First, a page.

For patients who suffer from osteoarthritis of the knee, total knee replacement is a cost-effective procedure that leads to greater mobility and independent living — even for those in their 80s or 90s — according to research from Duke University Medical Center published in the October issue of Arthritis & Rheumatism.
Researchers found that older patients who received the procedure were twice as likely to show improved physical mobility as those who did not. But because success depends on an intense rehabilitation regimen, doctors are often reluctant to recommend the procedure for patients in their 80s and older despite its physical and economic advantages. The study’s findings could help doctors and patients make more informed decisions when considering the procedure.
Total knee replacement is performed when other forms of treatment have failed and it is considered a routine surgery. However, there has been little evidence demonstrating how the procedure affects patients over age 65.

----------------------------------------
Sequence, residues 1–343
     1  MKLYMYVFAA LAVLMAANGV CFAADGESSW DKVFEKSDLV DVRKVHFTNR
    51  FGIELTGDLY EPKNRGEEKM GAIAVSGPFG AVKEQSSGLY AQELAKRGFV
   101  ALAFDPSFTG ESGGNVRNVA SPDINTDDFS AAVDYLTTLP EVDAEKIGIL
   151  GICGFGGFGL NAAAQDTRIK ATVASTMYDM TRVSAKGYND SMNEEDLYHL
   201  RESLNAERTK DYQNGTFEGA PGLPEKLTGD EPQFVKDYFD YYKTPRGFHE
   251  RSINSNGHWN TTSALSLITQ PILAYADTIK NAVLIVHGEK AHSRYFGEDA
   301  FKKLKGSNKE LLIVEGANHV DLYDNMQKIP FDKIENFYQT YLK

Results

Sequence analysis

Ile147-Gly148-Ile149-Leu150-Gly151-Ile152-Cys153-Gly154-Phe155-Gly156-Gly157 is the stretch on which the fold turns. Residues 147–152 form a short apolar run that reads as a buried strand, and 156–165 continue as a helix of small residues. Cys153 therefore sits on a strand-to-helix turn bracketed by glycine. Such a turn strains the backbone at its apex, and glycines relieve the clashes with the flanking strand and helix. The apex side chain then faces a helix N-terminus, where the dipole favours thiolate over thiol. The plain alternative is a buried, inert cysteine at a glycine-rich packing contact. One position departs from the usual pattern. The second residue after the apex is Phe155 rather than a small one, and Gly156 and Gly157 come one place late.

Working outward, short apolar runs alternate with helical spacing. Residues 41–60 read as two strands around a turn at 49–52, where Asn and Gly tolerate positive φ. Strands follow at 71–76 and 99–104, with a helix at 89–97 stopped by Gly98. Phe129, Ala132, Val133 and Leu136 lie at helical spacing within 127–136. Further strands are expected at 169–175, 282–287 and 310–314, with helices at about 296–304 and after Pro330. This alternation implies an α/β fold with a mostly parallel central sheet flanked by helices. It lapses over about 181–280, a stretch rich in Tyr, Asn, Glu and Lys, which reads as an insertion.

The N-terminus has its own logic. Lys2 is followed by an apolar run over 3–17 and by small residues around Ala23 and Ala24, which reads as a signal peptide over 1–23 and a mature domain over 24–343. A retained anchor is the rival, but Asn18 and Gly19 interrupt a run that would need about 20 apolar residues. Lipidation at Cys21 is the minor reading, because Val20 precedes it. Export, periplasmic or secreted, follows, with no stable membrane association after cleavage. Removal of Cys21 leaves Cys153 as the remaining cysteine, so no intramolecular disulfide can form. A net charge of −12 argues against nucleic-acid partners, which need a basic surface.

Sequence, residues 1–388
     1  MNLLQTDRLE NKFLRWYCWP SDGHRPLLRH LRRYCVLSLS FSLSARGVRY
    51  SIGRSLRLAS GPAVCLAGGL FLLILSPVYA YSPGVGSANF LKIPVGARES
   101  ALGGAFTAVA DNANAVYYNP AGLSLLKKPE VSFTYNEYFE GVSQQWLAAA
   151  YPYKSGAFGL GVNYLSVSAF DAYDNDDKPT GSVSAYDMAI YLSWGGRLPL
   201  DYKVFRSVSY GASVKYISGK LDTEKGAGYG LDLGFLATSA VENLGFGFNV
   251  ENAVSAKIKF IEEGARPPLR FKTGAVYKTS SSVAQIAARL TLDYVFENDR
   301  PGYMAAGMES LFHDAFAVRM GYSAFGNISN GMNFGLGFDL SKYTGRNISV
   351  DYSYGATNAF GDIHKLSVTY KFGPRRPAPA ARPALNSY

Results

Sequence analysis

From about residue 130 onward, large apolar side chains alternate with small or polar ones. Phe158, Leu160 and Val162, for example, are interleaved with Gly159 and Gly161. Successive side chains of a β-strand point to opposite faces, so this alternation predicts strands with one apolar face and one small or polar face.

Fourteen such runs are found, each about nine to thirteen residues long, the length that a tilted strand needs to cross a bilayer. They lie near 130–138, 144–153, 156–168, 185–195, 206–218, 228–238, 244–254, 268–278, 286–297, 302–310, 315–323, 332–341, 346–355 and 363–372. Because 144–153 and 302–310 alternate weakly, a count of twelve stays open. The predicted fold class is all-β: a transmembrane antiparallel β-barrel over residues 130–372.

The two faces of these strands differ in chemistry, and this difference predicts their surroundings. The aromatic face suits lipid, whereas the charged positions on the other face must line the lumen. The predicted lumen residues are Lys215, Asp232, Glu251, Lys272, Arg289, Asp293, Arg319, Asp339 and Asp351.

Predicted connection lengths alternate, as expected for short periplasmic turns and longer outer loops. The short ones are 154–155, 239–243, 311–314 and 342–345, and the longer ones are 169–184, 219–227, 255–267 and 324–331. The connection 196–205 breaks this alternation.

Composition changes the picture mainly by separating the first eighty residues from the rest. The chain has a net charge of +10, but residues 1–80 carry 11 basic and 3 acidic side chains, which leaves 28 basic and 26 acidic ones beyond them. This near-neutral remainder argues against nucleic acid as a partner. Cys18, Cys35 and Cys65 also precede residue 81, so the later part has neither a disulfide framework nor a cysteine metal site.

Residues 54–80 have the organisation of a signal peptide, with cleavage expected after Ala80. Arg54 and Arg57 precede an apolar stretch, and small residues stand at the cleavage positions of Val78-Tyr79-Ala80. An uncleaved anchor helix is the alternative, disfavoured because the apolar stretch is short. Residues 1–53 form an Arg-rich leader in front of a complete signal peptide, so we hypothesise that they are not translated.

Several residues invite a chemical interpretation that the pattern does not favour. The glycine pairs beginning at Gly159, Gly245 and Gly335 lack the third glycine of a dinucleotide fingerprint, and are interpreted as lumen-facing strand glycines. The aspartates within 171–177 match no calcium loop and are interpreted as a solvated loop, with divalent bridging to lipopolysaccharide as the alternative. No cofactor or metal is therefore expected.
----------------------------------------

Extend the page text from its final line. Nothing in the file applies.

According to lead author Linda George, Ph.D., associate director of the Duke Center for the Study of Aging, this is the first study to examine the effects of total knee replacement using data from the Medicare Current Beneficiary Survey, a randomly selected group of Medicare beneficiaries aged 65 and older. The Duke researchers looked at 259 patients who received total knee replacement and 1,816 patients who did not.
Patients who received total knee replacement improved over time, but physical functioning declined in those who did not. Patients who were disabled at the time of surgery transitioned out of disability within one year of the procedure.
Reimbursement for the procedure (averaging $4,000 – $6,000)(1) proves less costly than the long-term cost of health care for the disabled, which can include hospital stays, nursing homes and home health care.
The research was supported by a grant from The Institute for Health Technology Studies (InHealth).